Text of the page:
While the name of this particular clay might make you believe otherwise, paper clay is in fact extra-strength clay which is best used to create large pieces which would be overly-heavy with standard clay. Made by mixing clay with shredded paper or other fibres, paper clay is a strong and versatile clay which remains lightweight after firing. While ready-mix paper clay can be purchased, here we discuss how to make and use paper clay successfully.
Creating this Extra-Strength Clay
It’s easy to make your own paper clay, but as a general rule if you’re creating a lighter piece you’ll want to add less paper, but more paper must be added for creating heavier pieces.
- Paper clay is a combination of clay slip and paper pulp
- In order to make 4.5-9kg of paper clay, you’ll need 7.5L of recycled clay slip
- Paper fibres need to be treated to prevent mould from developing so mix in a tablespoon of bleach to the paper fibres before adding to the clay slip
- Add 3 handfuls of paper fibre to the clay slip at a time and mix well for approximately 20 minutes
- Use your paper clay within 2 weeks of making
The Improved Structure of Paper Clay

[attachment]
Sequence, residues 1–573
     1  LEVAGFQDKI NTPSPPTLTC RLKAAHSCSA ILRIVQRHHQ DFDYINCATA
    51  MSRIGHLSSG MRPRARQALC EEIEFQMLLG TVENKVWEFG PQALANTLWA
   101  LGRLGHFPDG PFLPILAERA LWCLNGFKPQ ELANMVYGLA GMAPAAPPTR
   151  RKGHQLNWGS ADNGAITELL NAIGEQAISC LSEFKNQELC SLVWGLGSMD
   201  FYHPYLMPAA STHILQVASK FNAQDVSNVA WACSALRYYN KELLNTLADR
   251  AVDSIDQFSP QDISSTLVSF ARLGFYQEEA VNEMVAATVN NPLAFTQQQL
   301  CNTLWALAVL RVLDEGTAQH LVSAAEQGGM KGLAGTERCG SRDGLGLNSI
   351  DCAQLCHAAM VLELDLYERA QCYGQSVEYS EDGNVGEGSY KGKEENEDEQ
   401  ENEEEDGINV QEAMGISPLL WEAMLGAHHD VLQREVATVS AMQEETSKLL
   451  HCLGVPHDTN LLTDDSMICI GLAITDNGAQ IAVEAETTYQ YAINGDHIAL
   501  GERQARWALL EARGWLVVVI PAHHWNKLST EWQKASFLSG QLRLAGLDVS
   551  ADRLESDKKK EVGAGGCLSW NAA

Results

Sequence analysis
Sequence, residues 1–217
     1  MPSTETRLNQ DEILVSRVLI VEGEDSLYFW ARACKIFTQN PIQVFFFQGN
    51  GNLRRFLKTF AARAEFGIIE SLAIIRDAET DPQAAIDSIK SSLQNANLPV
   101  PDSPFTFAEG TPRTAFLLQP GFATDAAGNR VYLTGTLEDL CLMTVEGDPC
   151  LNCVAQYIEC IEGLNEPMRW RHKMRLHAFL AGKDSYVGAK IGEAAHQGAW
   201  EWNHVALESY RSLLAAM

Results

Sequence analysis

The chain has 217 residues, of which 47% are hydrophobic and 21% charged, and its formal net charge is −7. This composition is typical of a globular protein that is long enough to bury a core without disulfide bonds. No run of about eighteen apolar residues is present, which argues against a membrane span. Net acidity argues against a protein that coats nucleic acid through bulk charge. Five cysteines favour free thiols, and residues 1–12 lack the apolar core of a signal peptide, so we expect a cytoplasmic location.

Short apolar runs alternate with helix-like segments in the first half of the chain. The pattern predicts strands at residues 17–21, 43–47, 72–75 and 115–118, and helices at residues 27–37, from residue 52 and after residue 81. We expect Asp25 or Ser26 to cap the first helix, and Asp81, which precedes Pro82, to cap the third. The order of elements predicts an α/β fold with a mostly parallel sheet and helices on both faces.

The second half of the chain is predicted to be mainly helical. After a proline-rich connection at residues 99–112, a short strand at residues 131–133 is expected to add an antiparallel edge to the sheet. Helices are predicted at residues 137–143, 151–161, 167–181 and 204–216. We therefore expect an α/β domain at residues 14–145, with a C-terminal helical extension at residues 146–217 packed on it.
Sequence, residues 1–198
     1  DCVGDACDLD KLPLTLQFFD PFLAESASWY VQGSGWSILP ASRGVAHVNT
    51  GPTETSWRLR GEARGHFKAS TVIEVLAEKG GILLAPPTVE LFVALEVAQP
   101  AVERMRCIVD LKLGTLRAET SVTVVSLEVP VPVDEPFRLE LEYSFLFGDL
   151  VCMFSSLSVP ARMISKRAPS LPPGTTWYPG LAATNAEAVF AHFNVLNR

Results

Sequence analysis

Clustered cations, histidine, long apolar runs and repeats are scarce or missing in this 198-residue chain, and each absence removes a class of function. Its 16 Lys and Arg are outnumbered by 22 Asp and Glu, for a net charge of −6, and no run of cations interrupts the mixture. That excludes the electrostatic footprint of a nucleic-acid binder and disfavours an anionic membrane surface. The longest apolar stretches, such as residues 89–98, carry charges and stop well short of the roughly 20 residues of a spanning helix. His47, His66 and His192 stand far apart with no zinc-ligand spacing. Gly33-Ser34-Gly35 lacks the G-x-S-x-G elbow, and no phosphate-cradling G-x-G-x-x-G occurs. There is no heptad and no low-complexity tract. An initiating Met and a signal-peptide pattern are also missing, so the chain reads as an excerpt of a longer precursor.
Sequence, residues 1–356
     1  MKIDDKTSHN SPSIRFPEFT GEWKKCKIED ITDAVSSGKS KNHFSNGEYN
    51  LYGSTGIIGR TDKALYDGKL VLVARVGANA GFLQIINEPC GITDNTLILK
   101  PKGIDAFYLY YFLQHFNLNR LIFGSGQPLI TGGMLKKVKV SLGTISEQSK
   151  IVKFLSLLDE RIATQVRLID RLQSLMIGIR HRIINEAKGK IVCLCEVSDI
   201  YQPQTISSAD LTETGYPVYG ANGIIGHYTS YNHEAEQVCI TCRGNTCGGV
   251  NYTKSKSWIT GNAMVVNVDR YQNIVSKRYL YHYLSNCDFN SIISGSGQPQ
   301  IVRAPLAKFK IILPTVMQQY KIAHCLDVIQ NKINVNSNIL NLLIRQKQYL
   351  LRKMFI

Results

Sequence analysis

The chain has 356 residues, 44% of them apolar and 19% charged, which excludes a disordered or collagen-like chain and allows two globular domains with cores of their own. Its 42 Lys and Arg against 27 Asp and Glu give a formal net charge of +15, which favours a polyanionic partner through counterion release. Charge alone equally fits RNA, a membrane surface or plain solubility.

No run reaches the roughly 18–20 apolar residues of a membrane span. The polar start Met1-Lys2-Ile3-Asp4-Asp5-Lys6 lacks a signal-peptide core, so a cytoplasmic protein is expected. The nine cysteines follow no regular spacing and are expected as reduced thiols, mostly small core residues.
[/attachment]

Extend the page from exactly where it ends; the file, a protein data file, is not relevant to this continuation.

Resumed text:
Paper clay is fantastic for both larger and thinner, more delicate pieces. The added paper fibres create a capillary system within the clay which helps to transfer moisture evenly throughout the piece and adds far more internal strength than standard clay – just like Australian slots for iPhone may increase the strength of your wallet! All these improvements mean that the body of work can support itself and also makes transportation far easier.
Paper Clay is Easier to Repair
Paper clay is incredibly versatile and can be made using a large variety of clays including terracotta, porcelain, stoneware, and earthenware. Another advantage of using paper clay is that it is excellent for repairing any joins or cracks which may appear during the creation of your piece. Most potters make use of paper clay to easily mend imperfections and you can even sort any breaks in bisque-fired paper clay with wet paper clay.
The Reduced Drying Time of Paper Clay
While it may seem counter-intuitive as you have essentially added more moisture to the clay, paper clay actually dries much quicker than standard clay. The science behind it is that since the moisture is more evenly distributed throughout the clay thanks to the capillary system created, the moisture evaporates much faster. You may also choose to force dry paper clay as the faster the drying process, the lower the chance of the piece cracking.
The Firing Process of Paper Clay
While the process of creating paper clay is different to that of standard clay, the firing and glazing process remains the same. While most potters tend to fire paper clay at a slightly higher temperature than standard clay, keep in mind that the paper fibres which make the clay strong can also make the fired work more porous. As the paper burns away, the finished piece is slightly more fragile to handle post-firing.